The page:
Adsorption heat storage is the most feasible technology for heating decarbonization, which can store large quantities of waste and renewable heat for an exceptionally long time. However, utilizing adsorption heat storage in geographical locations with sub-zero ambient conditions is challenging. Therefore, this paper experimentally investigates the use of ethanol as a working fluid paired with silica gel for adsorption heat storage and utilizes sub-zero ambient as the heat source. The heat storage characteristics, heat charging/discharging cyclic performance, and energy conversion performance via exergy analysis were determined under realistic operating conditions and benchmarked against the widely investigated silica gel/water. Ethanol adsorbate was successfully utilized as a working fluid to employ the evaporators operating under sub-zero ambient conditions. Silica gel/ethanol showed the most significant net cyclic uptake, twice that of silica gel/water. However, the physical characteristics of ethanol molecules led to a degree of non-desorbed fluid, which hampered such potential to store 18.08 kJ/kgads under a sub-zero evaporator temperature and 24.84 kJ/kgads for an above-zero evaporator temperature compared to silica gel of 155.12 kJ/kgads operating an above-zero evaporator temperature. On the other hand, silica gel/ethanol showed the fastest heat charging/discharging rate that can shorten the cycle time by 45%. The major contributor to exergy destruction was the exergy transferred by charging heat, which was five times the discharging heat due to the high charging temperature.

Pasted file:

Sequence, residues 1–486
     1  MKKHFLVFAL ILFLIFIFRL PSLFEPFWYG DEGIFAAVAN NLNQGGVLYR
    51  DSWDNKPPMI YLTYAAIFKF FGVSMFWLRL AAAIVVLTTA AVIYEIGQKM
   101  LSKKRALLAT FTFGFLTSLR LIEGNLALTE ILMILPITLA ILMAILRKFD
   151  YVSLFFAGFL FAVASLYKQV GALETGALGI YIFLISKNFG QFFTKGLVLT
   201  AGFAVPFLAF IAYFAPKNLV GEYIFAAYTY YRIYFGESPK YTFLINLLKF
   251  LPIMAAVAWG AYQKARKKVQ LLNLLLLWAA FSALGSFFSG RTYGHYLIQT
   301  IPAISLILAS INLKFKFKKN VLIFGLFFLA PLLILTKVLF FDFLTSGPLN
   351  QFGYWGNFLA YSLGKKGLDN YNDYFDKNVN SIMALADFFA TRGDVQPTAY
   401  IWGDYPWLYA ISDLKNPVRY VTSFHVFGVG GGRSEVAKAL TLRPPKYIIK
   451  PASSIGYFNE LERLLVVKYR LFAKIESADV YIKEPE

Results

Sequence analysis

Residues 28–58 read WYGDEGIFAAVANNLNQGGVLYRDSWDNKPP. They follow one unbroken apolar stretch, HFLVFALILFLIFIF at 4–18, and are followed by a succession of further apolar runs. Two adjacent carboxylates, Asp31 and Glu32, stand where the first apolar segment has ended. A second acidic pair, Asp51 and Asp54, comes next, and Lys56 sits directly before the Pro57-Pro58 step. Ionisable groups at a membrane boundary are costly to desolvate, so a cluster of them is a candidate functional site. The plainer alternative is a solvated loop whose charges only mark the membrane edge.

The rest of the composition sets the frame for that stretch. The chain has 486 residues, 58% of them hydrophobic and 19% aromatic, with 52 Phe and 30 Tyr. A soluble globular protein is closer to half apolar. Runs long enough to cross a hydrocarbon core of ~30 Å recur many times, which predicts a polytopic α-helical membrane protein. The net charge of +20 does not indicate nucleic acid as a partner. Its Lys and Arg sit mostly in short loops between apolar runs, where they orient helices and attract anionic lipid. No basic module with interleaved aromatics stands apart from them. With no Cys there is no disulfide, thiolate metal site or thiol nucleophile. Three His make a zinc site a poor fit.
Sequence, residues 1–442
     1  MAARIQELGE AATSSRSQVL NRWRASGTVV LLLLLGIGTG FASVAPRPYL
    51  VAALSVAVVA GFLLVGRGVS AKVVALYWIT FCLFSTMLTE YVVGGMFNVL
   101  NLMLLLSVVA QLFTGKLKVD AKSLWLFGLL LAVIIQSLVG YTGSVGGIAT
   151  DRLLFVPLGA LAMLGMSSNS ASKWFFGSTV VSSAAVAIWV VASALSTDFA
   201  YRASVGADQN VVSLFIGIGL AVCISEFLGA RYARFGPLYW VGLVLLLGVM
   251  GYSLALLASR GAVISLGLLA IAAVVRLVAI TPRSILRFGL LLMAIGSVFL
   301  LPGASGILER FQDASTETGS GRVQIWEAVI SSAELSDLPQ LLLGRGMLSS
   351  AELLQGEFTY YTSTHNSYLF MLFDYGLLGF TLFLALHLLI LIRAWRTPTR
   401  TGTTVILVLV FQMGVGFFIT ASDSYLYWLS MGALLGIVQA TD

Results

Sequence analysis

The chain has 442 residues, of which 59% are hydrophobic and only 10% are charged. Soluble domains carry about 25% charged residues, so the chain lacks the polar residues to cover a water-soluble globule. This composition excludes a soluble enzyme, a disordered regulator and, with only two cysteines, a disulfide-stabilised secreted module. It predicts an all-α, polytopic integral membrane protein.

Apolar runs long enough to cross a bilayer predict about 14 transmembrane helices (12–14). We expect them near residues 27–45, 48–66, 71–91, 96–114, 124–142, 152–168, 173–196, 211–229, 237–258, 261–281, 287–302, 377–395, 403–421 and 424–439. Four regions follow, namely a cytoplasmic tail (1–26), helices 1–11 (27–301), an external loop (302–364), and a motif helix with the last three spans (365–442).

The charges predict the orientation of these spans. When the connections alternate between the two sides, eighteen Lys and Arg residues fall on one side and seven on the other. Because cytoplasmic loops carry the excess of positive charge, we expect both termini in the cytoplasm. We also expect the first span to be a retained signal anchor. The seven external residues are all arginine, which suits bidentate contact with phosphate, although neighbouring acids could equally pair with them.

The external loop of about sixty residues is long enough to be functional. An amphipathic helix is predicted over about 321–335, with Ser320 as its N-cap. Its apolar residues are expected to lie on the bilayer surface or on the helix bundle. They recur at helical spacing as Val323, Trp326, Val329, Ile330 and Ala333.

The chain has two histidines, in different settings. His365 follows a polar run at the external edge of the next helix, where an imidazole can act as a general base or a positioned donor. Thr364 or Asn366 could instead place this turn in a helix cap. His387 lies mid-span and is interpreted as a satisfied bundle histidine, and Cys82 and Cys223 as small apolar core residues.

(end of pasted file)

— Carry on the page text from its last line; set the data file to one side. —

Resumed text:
Bibliographical noteCopyright © 2022 by the authors. Licensee MDPI, Basel, Switzerland. This article is an open access article distributed under the terms and conditions of the Creative Commons Attribution (CC BY) license (https://creativecommons.org/licenses/by/4.0/).
This work was supported by the University of Sharjah, project no. 19020406129.
- heat storage
- silica gel
- heat storage capacity